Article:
Louis Pasteur always liked his scientific studies to be practical and to serve France and humanity.
To begin research into his germ theory, Pasteur studied anthrax disease in sheep and cholera disease in hens.
These diseases were chosen because they were hurting the French meat and poultry industry and they could infect humans as well as animals.
Pasteur found the bacteria that were causing each disease in the blood of the infected animals, but what could be done about it? It took a mistake to find the answer.
One day, Pasteur mistakenly injected some of his hens with an old culture of cholera bacteria instead of a fresh one.
The hens did not contract cholera. This was not that surprising, the culture had become weak by exposure to the air. He then injected the same hens with deadly fresh culture. The hens again did not contract the disease.
The first injection of weak bacteria had protected them from the disease, or made them immune. The implications of this discovery were monumental: any infectious disease could be prevented. Pasteur called this type of injection a vaccine, but he still didn’t know if it would work on humans.
Pasteur turned his studies to rabies, a painful, fatal disease that infects animals, usually dogs, and the people bitten by those animals.
Pasteur could not find the germ responsible for the disease under his microscope, but he made a brilliant deduction. He knew the disease was infectious, so he concluded that it was caused by a “microbe of infinite smallness.”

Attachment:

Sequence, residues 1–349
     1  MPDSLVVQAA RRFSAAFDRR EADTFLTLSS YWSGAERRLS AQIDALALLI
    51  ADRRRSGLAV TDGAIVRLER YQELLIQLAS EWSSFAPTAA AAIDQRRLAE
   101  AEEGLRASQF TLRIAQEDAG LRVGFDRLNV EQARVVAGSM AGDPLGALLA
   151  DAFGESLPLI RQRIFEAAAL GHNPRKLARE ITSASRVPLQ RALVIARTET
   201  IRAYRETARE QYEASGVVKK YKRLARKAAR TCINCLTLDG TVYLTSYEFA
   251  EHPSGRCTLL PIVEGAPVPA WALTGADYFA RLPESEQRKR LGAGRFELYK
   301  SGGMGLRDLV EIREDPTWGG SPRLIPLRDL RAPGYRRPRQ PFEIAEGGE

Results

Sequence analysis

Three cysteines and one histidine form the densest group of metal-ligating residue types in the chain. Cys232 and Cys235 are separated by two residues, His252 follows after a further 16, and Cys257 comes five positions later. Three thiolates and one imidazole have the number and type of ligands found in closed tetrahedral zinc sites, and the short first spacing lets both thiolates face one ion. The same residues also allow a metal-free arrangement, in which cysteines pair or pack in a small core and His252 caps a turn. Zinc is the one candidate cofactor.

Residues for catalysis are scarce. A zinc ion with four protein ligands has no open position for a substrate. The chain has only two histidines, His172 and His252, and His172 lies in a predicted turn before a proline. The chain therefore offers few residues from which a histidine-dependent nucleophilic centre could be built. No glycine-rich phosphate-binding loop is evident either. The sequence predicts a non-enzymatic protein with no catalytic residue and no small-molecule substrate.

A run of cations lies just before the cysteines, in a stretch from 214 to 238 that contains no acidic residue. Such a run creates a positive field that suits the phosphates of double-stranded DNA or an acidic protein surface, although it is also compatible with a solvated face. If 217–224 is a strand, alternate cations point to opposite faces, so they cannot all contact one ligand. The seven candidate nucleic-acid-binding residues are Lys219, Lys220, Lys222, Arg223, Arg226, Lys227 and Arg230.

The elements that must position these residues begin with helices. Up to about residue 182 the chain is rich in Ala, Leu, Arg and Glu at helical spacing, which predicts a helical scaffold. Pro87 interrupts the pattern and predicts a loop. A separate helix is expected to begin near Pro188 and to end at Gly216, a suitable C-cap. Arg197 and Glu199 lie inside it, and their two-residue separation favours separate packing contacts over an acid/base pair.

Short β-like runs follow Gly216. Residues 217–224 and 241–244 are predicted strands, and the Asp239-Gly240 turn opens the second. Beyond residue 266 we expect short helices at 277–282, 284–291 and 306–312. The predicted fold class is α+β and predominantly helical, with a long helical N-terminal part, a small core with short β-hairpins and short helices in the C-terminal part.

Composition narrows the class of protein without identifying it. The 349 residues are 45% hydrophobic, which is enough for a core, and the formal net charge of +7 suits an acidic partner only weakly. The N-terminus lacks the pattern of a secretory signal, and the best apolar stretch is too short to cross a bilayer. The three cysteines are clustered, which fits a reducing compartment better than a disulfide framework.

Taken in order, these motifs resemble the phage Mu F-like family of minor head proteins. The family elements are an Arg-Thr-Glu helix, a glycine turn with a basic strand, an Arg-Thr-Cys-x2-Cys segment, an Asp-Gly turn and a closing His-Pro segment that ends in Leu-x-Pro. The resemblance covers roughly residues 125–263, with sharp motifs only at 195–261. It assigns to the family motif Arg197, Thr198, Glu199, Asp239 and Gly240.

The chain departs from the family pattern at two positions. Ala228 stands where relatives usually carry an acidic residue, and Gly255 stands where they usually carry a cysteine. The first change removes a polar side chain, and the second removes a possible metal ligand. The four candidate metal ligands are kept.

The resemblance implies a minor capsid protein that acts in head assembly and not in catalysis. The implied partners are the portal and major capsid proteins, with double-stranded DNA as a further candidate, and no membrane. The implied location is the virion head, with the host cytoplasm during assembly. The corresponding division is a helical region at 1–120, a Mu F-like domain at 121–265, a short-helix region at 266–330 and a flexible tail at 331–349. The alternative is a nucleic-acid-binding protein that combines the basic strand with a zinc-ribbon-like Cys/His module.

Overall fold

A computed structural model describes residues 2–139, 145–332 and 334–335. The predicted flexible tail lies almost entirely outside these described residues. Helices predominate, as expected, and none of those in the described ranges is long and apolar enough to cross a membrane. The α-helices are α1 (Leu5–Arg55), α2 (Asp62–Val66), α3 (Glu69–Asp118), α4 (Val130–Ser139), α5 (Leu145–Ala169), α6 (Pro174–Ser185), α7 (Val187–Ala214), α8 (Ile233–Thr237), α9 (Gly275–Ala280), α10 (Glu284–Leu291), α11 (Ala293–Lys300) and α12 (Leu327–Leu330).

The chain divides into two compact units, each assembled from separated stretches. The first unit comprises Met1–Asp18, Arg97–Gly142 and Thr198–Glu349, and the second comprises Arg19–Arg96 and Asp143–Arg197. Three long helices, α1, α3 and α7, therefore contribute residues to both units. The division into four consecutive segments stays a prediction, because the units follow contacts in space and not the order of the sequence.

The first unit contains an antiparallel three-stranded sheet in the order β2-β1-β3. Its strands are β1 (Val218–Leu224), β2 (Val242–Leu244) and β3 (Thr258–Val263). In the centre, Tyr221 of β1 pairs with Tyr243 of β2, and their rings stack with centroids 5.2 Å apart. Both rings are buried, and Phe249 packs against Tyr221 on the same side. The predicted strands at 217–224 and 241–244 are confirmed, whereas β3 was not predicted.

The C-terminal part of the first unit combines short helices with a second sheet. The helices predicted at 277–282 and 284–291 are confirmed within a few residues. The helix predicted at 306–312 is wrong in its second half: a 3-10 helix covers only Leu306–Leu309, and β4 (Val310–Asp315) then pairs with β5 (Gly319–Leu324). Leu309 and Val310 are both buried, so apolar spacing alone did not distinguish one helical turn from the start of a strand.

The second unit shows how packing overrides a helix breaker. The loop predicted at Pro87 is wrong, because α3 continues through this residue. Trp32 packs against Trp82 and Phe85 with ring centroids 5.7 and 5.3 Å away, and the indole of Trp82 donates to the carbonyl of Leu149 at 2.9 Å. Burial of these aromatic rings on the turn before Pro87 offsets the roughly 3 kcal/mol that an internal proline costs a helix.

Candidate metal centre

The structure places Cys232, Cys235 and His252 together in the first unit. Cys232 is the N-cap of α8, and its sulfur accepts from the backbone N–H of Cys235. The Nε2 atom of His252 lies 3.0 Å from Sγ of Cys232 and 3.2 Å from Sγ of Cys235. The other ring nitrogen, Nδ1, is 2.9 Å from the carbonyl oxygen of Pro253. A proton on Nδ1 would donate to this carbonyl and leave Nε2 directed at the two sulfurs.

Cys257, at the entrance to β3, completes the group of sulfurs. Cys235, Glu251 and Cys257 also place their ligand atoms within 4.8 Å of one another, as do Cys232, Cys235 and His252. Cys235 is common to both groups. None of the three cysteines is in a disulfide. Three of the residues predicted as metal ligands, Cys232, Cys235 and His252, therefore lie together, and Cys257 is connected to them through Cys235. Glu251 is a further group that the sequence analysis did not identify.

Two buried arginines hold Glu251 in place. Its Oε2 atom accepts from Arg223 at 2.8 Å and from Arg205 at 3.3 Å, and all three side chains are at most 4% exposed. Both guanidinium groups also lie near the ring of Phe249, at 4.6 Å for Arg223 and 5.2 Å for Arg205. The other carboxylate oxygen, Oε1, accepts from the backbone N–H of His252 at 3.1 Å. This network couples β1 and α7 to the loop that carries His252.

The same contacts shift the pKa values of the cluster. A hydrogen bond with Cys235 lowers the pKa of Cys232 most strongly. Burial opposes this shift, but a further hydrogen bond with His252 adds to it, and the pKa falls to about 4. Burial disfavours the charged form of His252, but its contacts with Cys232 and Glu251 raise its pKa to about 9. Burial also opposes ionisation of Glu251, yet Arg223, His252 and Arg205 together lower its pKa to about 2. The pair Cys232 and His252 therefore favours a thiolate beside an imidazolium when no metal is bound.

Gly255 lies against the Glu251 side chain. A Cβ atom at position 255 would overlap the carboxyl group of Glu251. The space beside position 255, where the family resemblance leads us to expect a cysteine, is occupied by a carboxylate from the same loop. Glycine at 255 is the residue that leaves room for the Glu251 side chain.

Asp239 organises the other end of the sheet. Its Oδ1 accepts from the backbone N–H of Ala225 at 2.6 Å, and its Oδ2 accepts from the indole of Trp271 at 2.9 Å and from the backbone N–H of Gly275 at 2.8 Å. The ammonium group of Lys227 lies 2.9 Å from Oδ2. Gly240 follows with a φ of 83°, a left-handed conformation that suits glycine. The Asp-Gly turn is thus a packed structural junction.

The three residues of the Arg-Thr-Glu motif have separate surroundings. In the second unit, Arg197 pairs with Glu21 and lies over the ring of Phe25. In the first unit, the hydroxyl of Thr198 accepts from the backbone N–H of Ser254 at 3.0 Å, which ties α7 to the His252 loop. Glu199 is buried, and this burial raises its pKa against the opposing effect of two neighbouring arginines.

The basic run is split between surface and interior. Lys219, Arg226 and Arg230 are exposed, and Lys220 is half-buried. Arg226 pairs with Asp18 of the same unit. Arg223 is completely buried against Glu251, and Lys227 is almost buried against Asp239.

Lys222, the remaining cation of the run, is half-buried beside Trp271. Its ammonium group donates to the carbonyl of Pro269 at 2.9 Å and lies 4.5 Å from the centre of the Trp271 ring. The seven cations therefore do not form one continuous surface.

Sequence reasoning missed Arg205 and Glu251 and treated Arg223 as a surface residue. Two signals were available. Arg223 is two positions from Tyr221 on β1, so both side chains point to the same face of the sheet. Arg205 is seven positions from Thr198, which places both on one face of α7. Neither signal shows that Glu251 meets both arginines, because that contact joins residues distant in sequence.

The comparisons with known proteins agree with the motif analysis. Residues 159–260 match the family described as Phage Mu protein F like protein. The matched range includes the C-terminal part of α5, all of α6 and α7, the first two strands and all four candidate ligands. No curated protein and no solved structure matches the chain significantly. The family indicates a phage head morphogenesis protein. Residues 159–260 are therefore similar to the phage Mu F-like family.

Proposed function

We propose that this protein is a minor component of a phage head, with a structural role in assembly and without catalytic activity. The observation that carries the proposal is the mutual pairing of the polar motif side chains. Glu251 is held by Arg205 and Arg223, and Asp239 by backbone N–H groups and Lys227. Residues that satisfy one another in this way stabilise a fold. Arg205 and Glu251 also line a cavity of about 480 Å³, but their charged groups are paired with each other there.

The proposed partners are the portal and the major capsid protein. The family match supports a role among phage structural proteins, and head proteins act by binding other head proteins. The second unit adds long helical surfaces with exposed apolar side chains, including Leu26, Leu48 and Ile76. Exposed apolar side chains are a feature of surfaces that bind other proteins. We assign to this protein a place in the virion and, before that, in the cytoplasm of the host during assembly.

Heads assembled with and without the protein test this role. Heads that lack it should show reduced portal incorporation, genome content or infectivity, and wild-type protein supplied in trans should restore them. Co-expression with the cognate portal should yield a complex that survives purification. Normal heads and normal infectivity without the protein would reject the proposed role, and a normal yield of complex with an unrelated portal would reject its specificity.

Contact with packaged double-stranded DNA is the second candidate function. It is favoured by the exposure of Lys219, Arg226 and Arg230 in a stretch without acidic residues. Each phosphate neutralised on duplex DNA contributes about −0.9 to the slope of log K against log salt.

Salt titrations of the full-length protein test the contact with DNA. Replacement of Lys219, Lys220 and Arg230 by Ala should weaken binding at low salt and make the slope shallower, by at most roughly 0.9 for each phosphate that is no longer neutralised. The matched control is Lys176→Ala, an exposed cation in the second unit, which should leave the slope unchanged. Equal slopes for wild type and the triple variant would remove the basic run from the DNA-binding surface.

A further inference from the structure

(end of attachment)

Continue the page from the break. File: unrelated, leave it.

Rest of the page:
He was correct, it took the powerful electron microscopes of the twentieth century to reveal the virus responsible for the disease.
Even though he couldn’t see the germ, Pasteur still managed to isolate it in the nerve tissue of infected animals.
He created the vaccine and successfully treated many dogs.
One day, a mother brought in her son who had been bitten repeatedly by a dog infected with rabies and begged Pasteur for the vaccine.
Pasteur knew the vaccine would also work as a treatment because the rabies germs take a long time to reach the nervous system. He did not like the idea of experimenting on a human, but he also knew the boy would die without it.
He injected the boy with the vaccine over several days and watched him recover. Modern medicine had begun.
One of Pasteur’s final achievements was discovering the germ that caused childbed fever.
The germ was streptococcus, which we now call strep.